All the same I find it amazing that the richest country in the world has so much abject poverty and that so many of its legal residents have no reasonable level of health cover. There is book kicking around called Freakonomics, that discusses the economics of unintended consequences and how incentives rapidly become subject to fraudulent behaviour. The authors base all their deliberations on real data and come to some surprising conclusions; the summary of the causes of the falling crime rate in 80's NY is particularly brilliant. One of their views on the US health insurance business is that those who can afford it don't buy it, as they are prepared to take the risk that they will continue not to need it, and those that do need it can't afford it as those that don't need it are not paying premiums which would help to offset the cost.

I don't have the answer to the social benefit conundrum, but it is clear that there are no quick sustainable fixes.

We can see the results of this 'selfishness' in all walks of life now. I especially try my damnedest to minimise my tax bill as I do not believe that my money is best spent by a conniving politician with a self-serving agenda. On the other hand I realise that if nobody paid tax the few socially cohesive mechanisms we have would collapse. I also completely understand anyone else who resents having to schlepp along a bunch of skivers and scroungers on their own already burdened backs. In the Olympic 100m final, Usain Bolt will not be expected to slow down and drag along the Azerbaijani competitor who, through no fault of his own, is just not as good. The Germans in the UEFA Euro 2012 competition were not compelled to donate any surplus goals to Greece.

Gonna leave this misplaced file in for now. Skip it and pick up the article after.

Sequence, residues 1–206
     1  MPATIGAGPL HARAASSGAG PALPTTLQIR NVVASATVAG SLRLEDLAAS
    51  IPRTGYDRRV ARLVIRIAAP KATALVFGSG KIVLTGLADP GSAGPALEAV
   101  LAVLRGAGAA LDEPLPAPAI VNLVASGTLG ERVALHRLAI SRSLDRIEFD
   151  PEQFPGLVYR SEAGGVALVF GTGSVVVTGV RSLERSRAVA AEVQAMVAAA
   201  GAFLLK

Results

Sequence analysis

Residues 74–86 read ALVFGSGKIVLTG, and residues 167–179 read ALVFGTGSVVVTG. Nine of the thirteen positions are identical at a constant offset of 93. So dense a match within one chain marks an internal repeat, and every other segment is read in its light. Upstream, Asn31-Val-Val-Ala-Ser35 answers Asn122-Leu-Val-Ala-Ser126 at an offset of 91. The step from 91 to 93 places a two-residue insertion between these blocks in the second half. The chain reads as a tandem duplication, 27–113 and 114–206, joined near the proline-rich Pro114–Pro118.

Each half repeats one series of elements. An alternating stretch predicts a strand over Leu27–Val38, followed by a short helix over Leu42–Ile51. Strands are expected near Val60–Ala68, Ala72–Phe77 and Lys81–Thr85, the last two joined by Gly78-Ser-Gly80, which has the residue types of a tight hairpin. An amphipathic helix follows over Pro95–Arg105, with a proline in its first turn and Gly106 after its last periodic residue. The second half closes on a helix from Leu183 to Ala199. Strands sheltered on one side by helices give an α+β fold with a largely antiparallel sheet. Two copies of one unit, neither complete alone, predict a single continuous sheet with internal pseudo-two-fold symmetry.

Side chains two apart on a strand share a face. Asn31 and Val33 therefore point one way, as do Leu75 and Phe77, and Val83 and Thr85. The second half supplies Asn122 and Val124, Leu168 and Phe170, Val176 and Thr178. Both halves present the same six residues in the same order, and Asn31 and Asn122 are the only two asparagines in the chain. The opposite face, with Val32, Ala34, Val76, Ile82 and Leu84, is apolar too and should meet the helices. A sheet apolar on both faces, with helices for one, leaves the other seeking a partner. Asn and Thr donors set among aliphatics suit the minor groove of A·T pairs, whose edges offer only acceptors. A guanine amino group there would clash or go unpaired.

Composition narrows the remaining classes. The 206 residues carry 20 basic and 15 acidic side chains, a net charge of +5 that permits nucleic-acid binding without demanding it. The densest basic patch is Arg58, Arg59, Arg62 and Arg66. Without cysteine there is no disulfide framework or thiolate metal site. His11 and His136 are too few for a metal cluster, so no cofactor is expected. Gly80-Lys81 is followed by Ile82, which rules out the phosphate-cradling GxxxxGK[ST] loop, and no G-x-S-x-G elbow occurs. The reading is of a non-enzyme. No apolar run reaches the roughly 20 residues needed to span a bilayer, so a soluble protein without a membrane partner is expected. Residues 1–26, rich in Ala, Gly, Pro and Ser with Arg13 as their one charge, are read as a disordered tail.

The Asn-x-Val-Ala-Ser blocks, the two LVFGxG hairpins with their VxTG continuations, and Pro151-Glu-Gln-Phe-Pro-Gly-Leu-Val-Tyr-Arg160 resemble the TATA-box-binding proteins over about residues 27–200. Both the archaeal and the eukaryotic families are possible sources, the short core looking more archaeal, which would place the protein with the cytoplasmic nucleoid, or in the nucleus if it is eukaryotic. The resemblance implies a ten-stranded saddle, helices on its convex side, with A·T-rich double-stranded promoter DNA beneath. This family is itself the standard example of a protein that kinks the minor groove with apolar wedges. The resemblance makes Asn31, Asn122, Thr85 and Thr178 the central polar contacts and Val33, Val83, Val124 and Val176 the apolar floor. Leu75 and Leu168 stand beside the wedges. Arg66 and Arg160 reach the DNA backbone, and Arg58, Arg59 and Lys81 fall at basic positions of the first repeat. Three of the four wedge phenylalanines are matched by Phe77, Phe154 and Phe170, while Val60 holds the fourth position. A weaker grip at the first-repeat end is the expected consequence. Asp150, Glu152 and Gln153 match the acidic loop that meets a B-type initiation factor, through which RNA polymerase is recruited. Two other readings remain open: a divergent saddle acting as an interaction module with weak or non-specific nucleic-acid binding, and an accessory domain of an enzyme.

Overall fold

The best we can do for the poor, the sick and the under-privileged is to provide equal opportunities. That is not socialist thinking, but good sense. We don't know what natural talents and brilliance are hiding under the rough unpolished surface of the downtrodden. Releasing these and providing direction and support are incumbent upon all of us. Incidentally I think the British Army is, or at least was, very good at this.

I realise that this post is somewhat cliched, but cliches only became such because they reflect a widely held belief and fall into common use.
 
#13
There is no example anywhere of the balance being struck properly over time. It may work for a while but any social welfare system is doomed for 2 main reasons--human nature and the immutable law of bureaucracies (to grow and never really shrink). With these two inexorable factors at work, every "give away" system is doomed to fail by virtue of the math--at some point there are more takers than there are givers (taxpayers) and from that apogee can only come unsustainable decline.